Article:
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Avery : The Case Against Steven Avery and What Making a Murderer Gets Wrong: Library Edition (CD/Spoken
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It’s time to set the record straight about Steven Avery. The full record—including evidence never before revealed—makes his guilt clear.
The Netflix series Making a Murderer quickly became a huge hit, with over 19 million viewers in the U.S. in the first 35 days. The series left many viewers with the opinion that Steven Avery—a man falsely imprisoned for almost 20 years on a ****** charge—was railroaded into prison a second time by a corrupt police force and district attorney’s office. Viewers were outraged and hundreds of thousands demanded a pardon for Avery. The chief villain of the series: Ken Kratz, the special prosecutor who headed the investigation and prosecution. Kratz’s later misdeeds—prescription drug abuse and sexual harassment—cemented his guilt in the minds of the viewers.
This book tells what you don’t know.
Making a Murderer raised convincing doubts about Avery’s guilt. But now, Ken Kratz puts those doubts to rest with Avery: The Case Against Steven Avery and What Making a Murderer Gets Wrong. In it, Kratz demonstrates how the Netflix series leaves out critical evidence, including bombshell facts known only to him. Avery systematically erases the uncertainties introduced by the series, confirming, once and for all, that Steven Avery is guilty of the murder of Teresa Halbach. What’s more, Kratz even provides online access to detailed evidence so readers can explore every aspect of the case—the largest criminal investigation in Wisconsin history.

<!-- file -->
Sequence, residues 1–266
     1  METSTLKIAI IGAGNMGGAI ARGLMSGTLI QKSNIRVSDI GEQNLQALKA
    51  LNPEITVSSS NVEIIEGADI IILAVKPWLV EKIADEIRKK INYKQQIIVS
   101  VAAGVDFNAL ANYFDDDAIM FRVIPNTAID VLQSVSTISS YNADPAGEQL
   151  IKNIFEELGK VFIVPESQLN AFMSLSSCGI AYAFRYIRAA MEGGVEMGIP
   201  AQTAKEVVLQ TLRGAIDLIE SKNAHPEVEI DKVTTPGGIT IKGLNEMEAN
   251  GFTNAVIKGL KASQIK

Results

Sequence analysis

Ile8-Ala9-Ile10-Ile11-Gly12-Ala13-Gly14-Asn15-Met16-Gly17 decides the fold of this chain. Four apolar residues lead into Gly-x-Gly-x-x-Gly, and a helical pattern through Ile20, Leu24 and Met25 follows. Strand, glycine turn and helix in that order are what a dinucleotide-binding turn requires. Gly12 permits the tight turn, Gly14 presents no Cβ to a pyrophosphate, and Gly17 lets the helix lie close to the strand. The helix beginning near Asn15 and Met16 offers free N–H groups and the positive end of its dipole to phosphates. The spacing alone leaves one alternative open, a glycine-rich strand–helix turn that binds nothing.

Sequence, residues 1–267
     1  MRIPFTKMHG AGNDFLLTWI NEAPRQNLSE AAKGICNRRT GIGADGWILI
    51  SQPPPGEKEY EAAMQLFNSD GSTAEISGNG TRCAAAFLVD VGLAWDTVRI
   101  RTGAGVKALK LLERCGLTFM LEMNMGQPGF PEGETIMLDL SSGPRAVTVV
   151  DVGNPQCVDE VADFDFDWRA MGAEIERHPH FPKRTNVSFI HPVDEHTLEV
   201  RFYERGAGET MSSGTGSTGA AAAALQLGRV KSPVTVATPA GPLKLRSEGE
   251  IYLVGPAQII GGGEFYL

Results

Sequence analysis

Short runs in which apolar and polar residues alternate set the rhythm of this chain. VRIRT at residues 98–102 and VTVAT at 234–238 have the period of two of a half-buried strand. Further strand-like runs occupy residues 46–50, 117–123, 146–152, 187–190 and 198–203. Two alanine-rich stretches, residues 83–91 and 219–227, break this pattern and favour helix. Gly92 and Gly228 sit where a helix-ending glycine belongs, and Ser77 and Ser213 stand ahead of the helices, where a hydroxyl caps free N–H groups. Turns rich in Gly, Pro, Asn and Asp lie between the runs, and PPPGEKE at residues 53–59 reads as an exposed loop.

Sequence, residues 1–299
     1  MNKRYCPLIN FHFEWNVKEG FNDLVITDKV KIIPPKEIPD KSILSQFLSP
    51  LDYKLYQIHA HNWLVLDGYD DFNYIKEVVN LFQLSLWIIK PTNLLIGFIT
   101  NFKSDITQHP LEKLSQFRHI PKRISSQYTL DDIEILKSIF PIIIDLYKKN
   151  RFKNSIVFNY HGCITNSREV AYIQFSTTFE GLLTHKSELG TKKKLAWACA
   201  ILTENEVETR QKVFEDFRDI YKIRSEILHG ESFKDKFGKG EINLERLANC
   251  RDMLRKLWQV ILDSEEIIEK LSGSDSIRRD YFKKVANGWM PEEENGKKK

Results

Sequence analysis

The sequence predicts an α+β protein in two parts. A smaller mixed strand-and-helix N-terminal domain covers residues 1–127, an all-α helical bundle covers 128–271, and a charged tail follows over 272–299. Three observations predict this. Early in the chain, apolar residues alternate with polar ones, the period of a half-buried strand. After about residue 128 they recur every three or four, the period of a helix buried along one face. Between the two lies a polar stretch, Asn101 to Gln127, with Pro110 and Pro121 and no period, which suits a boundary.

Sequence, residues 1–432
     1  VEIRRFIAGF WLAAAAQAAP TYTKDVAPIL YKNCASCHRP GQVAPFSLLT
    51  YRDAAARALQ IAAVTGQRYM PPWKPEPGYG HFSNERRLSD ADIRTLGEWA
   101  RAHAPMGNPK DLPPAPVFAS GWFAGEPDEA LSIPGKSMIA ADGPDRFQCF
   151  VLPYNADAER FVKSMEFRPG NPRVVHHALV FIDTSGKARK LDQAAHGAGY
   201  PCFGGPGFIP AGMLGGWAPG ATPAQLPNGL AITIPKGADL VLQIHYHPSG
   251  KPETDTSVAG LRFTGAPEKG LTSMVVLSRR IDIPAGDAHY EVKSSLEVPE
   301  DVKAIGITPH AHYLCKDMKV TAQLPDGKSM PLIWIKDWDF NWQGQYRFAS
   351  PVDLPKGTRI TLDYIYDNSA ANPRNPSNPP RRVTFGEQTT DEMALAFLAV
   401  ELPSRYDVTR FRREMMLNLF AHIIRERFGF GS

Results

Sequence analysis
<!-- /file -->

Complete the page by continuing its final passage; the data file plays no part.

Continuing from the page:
Avery tells the full story of the investigation, filled with details and insights unknown to the public. Then Kratz candidly addresses the aftermath. He openly discusses his struggle with addiction and the disturbing behaviors he engaged in, which led him to lose everything: his job, his wife, his house, his car and his reputation.
While our indignation at the injustice of Steven Avery’s first imprisonment makes it easy to believe he was also falsely accused of Halbach’s murder, Avery and the evidence inside—examined thoroughly and dispassionately—prove that, in this case, the system worked as it should.